The treatment of this disease by means of opiates, large doses of bromide of potash, chloral, etc., is very often unsuccessful, especially in severe cases. The best treatment consists in keeping the patient as quiet as possible, applying ice or cold pours to the head. The cold shower bath may be employed with advantage when the fever is high and cerebral congestion very great. When the patient refuses to eat, his strength may be sustained by the use of nutritive injections. There is usually such a high degree of inflammation of the stomach that food will not be digested if eaten; and it would probably be well to adopt this plan of feeding in nearly all cases. The patient should be kept in a darkened room, and guarded against all avoidable disturbances. Great exhaustion results from the violent muscular exertion generally made by the patient; these should be restrained as much as possible. When a sufficient number of attendants cannot be secured to hold the patient in bed, the arms and feet may be tied together by means of wide bands, as towels or sheets, thus rendering the patient much more easily controllable. When necessary, the straight jacket, shown in Fig. 323, which is frequently used in insane asylums, may be employed.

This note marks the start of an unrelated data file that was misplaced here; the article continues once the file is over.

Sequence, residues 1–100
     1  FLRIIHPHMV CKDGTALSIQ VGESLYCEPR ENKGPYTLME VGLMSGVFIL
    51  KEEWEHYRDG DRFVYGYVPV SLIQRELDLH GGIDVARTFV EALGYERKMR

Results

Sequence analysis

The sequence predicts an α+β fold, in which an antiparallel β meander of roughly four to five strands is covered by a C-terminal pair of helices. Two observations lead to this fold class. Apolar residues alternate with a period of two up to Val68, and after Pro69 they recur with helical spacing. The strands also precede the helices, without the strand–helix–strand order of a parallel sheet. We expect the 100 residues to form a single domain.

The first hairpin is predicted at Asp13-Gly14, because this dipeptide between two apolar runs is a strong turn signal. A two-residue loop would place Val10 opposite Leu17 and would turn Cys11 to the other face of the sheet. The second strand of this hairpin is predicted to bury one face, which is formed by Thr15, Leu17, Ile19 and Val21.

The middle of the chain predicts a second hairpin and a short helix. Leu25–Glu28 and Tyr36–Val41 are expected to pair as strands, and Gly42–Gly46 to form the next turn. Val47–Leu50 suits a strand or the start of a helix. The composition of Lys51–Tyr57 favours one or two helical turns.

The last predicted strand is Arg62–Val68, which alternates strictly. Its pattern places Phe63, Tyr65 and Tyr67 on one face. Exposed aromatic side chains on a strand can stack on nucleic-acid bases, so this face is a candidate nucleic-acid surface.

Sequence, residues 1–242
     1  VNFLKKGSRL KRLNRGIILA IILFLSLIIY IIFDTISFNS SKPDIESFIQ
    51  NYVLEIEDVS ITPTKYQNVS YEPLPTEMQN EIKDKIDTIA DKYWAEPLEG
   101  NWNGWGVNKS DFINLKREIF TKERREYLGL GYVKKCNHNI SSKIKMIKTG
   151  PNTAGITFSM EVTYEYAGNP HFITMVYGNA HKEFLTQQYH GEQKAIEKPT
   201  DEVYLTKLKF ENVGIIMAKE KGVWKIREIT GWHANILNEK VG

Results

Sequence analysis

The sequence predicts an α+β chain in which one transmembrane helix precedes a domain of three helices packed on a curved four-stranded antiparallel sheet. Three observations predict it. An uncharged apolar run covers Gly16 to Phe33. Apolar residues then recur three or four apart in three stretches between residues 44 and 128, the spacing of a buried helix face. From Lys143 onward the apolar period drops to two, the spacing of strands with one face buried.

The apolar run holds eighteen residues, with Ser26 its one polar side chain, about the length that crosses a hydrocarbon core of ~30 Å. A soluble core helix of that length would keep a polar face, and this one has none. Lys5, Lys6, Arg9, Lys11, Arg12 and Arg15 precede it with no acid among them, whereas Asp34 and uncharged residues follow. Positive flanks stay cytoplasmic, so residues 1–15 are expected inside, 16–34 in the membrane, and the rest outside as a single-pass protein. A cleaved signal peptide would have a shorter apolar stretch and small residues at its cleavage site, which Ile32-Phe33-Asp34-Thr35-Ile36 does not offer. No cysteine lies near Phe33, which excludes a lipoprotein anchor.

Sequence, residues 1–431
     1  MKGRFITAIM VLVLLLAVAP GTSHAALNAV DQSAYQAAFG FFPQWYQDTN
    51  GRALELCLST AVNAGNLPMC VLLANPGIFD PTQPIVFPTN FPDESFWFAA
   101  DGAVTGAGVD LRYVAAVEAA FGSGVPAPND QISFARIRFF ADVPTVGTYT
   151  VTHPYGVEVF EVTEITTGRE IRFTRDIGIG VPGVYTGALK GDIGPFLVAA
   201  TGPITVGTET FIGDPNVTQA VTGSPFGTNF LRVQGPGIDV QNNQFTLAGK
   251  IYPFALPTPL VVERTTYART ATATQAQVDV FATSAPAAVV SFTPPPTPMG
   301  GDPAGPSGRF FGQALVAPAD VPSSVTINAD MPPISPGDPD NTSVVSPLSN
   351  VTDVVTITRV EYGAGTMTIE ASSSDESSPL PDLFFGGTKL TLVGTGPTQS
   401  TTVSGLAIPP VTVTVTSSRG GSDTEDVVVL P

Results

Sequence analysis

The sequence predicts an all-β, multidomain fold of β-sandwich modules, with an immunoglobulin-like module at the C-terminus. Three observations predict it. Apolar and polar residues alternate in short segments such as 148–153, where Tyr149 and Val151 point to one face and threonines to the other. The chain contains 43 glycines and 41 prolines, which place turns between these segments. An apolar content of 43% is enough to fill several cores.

Fig. 323. Straight Jacket

Fig. 323. Straight Jacket

In the effort to reform persons who have been addicted to drink, the idea should not be entertained that any substitute for liquor can be found. Anything which would be a substitute for its effects would be equally as bad as the liquor itself. The much advertised "Cinchona Cure" is an unmitigated fraud. As prepared by Mr. D'Unger, the professed discoverer, it is simply an alcholic liquor, flavored with "red bark," one of the varieties of the Cinchona tree, from which quinine is obtained. Prof.

Earle, physician to the Washingtonian "Inebriates' Home," in Chicago, has recently exposed the matter in a Chicago medical journal. He has traced the after-history of a number of drunkards whom D'Unger publicly claimed to have cured; but nearly all of whom have since been under Dr.

Earle's treatment at the "Inebriate's Home." Not a single one was in the least degree improved by the Cinchona Cure." Some of his mixtures contain as high as twenty-four per cent of alcohol, a larger proportion than is found in ale, or most wines. Prof. Earle gives it as his opinion that the "Cinchona Cure" has made more drunkards in Chicago within the past year than any one of the saloons in that city.